We also recommend skipping the Cameron Highlands for western visitors. That’s because we assume you have seen strawberries and cabbage grow. However, the Cameron Highlands are a great place to escape the heat, and the views over the tea plantations may be worth a visit if you have enough time.

Sungai Palas Plantation, Cameron Highlands  <span style='white-space:nowrap;'><img src='http://www.guidegecko.com/images/spyglass1.png' align='texttop' /> Click to enlarge</span>

Langkawi is the northernmost island on the west coast accessible to tourists. If you are into landscapes and great views, come here and take the somewhat frightening cable car to the viewing platform, from where you can even see Thailand. Langkawi is one of Southeast Asia's most beautiful islands.

Langkawi also has a decent beach, but it is only so-so for Asian standards. If you are traveling between April and October, consider skipping Langkawi altogether and head straight to the peninsula's east coast.

Stop 4: Perhentian Islands, Malaysia

Long Beach on Perhentian Kecil.  <span style='white-space:nowrap;'><img src='http://www.guidegecko.com/images/spyglass1.png' align='texttop' /> Click to enlarge</span>

And now you have really earned it: Take a bus over to the peninsula’s east coast, and hop on a boat to the Perhentian Islands. Stay on Long Beach on Perhentian Kecil, which offers the biggest and nicest beach. You’ll find crystal clear waters, powder white sand and a great, wide beach.

This is the place to take a PADI Open Water dive course, you won’t get it cheaper anywhere else (if you do, leave a comment!). Or just snorkel: Where else are you guaranteed to see sharks and turtles while just snorkelling on the surface?

Perhentian is as nice as other islands in Thailand, minus the crowds. Sure, you won’t be the only one on the beach, but you will likely have lots of space for yourself.

There are many alternative islands similar to Perhentian. We recommend Perhentian mainly because it has a bit of everything: A great beach, but also some nightlife and nice restaurants that offer barbecue on the beach. Alternatives to Perhentian are Redang, which has an even nicer beach (actually, it is two of them divided by a small headland) and good diving. Redang is rather quiet and caters mainly to Asian package tourists. Or go further south, and hop over to Pulau Rawafrom the port in Mersing. You can circuit this tiny island by kayak in just an hour, and the beach is marvelous. But staying in one of only two resorts on Pulau Rawa is somewhat overpriced for Malaysian standards.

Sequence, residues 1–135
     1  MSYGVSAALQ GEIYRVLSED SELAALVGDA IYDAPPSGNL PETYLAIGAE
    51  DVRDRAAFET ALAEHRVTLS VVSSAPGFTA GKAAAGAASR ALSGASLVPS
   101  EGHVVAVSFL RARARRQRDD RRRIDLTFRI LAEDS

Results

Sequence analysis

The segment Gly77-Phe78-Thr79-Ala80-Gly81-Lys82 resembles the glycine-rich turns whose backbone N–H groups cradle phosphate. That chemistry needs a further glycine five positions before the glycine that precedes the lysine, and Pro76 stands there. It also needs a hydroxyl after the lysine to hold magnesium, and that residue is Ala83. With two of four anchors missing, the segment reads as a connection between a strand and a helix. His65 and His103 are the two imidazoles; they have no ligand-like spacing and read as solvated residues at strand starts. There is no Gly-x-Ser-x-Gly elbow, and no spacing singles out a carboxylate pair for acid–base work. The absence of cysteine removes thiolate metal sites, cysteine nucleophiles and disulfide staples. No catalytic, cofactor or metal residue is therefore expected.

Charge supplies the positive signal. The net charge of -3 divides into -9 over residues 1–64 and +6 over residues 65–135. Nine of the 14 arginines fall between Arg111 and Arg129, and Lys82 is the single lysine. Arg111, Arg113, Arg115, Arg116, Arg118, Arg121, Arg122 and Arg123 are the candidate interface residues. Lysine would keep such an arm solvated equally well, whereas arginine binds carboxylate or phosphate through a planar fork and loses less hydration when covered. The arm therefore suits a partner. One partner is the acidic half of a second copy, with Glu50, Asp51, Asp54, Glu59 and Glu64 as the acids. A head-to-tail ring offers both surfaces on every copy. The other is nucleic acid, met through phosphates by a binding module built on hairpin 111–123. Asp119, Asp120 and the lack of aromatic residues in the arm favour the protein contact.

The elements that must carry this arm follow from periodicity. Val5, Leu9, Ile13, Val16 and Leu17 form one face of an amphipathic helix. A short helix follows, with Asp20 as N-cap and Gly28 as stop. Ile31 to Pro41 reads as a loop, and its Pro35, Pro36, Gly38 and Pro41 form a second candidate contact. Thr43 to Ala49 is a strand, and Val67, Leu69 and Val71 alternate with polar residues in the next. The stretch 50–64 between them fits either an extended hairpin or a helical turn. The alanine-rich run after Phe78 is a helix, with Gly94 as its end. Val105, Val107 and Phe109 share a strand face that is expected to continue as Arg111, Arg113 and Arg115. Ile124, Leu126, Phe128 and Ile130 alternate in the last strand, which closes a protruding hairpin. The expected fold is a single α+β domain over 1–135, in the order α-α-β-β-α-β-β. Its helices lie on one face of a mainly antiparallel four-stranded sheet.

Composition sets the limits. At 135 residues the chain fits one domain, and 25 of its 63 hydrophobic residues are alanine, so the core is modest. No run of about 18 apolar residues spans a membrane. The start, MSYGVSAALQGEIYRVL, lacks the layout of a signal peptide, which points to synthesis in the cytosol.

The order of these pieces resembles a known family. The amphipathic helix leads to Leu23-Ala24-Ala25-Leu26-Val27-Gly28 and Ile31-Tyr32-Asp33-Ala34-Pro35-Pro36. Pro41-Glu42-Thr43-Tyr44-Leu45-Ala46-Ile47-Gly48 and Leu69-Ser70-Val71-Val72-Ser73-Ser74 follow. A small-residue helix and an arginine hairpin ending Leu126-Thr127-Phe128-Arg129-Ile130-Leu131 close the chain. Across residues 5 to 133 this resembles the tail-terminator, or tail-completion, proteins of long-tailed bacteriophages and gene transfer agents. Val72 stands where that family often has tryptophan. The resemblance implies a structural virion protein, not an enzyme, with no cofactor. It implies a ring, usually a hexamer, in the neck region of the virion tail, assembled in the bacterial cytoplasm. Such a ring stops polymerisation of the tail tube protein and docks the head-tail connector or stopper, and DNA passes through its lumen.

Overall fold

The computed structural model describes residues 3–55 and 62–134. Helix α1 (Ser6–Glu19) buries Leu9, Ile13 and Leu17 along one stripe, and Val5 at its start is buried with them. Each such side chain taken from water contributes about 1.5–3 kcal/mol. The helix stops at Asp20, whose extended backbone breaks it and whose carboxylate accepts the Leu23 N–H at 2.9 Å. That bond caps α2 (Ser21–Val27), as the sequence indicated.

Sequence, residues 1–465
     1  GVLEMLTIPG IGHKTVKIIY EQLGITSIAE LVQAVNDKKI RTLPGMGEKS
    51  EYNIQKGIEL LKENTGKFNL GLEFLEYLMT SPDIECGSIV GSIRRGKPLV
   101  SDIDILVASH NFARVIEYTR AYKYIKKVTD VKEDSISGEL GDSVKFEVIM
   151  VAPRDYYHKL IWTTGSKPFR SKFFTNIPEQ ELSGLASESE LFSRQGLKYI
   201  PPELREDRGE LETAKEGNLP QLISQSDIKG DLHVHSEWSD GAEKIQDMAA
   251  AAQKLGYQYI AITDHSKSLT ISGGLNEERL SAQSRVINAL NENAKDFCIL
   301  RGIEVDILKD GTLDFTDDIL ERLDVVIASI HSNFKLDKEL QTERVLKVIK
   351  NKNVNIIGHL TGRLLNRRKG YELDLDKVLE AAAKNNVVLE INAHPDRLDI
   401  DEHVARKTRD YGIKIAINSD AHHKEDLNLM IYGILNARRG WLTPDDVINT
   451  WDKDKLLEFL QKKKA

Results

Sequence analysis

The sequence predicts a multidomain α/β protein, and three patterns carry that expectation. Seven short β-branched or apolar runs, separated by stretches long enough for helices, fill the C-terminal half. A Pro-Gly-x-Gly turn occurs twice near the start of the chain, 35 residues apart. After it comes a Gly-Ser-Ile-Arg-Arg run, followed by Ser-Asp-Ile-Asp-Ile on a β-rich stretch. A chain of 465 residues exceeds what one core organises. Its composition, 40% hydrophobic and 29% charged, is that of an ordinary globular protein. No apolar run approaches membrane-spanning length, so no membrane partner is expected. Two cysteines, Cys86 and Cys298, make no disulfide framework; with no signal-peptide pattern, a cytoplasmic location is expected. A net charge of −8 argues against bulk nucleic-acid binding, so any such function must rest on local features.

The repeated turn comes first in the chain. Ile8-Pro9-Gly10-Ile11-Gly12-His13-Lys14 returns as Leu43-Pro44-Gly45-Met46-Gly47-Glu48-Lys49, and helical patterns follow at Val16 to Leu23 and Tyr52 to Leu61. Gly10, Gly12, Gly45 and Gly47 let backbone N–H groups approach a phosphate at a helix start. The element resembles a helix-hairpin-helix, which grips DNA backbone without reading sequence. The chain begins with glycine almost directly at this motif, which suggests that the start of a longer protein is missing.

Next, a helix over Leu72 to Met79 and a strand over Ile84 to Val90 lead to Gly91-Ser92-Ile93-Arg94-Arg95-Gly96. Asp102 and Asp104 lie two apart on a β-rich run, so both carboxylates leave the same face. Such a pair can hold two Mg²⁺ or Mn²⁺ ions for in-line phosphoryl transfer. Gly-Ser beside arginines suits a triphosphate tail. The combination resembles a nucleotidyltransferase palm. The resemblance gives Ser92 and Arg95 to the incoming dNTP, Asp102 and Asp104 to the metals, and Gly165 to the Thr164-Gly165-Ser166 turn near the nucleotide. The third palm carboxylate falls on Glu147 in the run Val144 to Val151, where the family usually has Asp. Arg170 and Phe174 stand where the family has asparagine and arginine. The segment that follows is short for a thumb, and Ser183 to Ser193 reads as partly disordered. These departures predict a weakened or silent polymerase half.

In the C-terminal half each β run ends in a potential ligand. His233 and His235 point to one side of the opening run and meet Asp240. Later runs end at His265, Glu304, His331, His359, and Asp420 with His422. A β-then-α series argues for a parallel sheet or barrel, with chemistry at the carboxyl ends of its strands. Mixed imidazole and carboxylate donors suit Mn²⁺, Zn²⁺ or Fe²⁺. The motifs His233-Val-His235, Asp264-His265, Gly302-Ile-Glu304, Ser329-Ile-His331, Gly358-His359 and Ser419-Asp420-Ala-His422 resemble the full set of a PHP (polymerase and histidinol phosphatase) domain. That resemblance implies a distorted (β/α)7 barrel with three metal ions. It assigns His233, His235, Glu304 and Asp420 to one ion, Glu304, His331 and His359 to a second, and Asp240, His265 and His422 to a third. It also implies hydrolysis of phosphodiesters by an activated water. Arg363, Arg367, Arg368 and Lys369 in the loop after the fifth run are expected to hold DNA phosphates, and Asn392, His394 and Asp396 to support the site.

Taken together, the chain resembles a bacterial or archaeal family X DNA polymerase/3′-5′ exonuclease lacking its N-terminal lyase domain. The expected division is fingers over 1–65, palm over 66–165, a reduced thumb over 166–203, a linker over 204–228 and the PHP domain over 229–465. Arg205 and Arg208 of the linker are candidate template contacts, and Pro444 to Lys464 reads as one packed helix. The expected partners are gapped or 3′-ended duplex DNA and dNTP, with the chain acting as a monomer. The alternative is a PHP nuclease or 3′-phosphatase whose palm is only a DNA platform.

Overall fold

In between Redang and Pulau Rawa is the hidden island gem of Pulau Kapas, for those that have already seen it all.

Pulau Redang: Malaysia's nicest beach.  <span style='white-space:nowrap;'><img src='http://www.guidegecko.com/images/spyglass1.png' align='texttop' /> Click to enlarge</span>

Perhentian, Redang and Rawa are all among Southeast Asia's best beaches. They also offer great diving and snorkeling.

Stop 5: Back to Singapore – or on to Bangkok

Finally, when your time in paradise is coming to an end, head back south to Singapore, for a last Singapore Sling and your flight home.

With some of the extension options listed above, this trip can take 3-4 weeks. Nevertheless, it is easily doable within 2 weeks, if you focus on Singapore, Malacca, Kuala Lumpur and one of the islands. Just stick to what interests you most.

With even more time, consider flying into Sabah and Sarawak on Borneo, both only a cheap domestic flight away from peninsular Malaysia. Flights leave frequently from Kuala Lumpur and Johor Bahru.

Mount Kinabalu in Sabah, Malaysian Borneo. At 4095 meters, Mount Kinabalu is Asia's highest peak east of the Himalaya and can be climbed up and down in 2 days.  <span style='white-space:nowrap;'><img src='http://www.guidegecko.com/images/spyglass1.png' align='texttop' /> Click to enlarge</span>

Another option is to continue north into Thailand, maybe visiting Phuket or Koh Samui on the way. In this case, continue to Bangkok and fly home from there.

Our GuideGecko Rating for this trip:

Beaches: **** (4 of 5 stars: Didn’t we say Malaysia’s beaches are hidden gems?)

City Sightseeing: ***** (5 of 5 stars: Singapore, KL, Malacca and Penang. Who wants more?)

Landscapes: *** (3 of 5 stars: That’s for Langkawi and Taman Negara)

Cultural spots: ** (2 of 5 stars: We throw that in for all the Little Indias and Chinatowns)

 

Want more suggestions?

This suggested itinerary is one of our TOP-4 trip recommendations for 2 Weeks in Asia. Also check our other suggested itineraries for:

 

Have questions or would like to suggest something elseLet’s discuss!


Type: Feature
Location: Asia